There remains very little authentic information and data as to how many lakes still exist and what is their present condition
Apathy of administrators and enforcers, greed of encroachers coupled with ignorance towards pollution has been the bane of water bodies that once abounded the city and its surroundings. There remains very little authentic information and data as to how many lakes still exist and what is their present condition.
Neither size or boundary nor the quality of water in most of these lakes is known. It is in this backdrop, the Hyderabad Metropolitan Development Authority (HMDA) which took up protection, restoration and conservation of lakes listed out 325 water bodies and sought to classify them with available details.
The project has been envisaged to cover these lakes spread out in different parts of the HMDA’s 1,214 square km jurisdiction. For most of them, the basic full tank level boundaries and buffer areas are not available and the exercise is to start with this in consultation with the irrigation and the revenue departments.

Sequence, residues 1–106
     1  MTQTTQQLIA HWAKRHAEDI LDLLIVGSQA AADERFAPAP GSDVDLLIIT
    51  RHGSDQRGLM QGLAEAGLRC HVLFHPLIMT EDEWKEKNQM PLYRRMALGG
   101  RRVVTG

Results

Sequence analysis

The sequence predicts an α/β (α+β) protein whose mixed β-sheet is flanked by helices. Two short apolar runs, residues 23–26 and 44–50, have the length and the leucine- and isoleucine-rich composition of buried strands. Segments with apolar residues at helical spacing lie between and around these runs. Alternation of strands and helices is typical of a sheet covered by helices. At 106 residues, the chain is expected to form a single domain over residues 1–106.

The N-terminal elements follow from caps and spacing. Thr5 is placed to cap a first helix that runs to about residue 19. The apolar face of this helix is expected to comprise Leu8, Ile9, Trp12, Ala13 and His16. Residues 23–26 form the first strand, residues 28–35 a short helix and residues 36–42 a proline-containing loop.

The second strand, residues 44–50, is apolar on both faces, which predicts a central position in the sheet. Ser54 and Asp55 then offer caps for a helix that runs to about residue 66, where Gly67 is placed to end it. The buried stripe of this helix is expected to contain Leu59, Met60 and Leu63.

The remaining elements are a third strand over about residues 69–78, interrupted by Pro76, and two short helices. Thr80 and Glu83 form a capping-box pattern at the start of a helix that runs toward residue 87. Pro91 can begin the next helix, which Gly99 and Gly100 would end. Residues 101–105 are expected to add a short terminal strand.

According to the HMDA, the 325 lakes have been divided as those up to 10 hectares (150 lakes), from 10 hectares to 25 hectares (110), between 25 hectares to 50 hectares (50) and 15 lakes spread over 50 hectares.
Visits to all the identified lakes will be carried out for enumeration with location and size, and a record of each lake with details prepared. Various data sources including Survey of India topo sheets, Google maps and basin maps will be used for mapping and for coming up with a base map for them.
Satellite imageries from National Remote Sensing Agency for three different time periods i.e., 1990, 2000 and 2012 are to be analysed to document the change of physical existence, lake water spread and encroachments. For the purpose of analysing the waste water entering these lakes, a total of 24 parameters are proposed to be checked including odour, pH, Nitrite, Arsenic, Mercury, Lead, Selenium and Cyanide.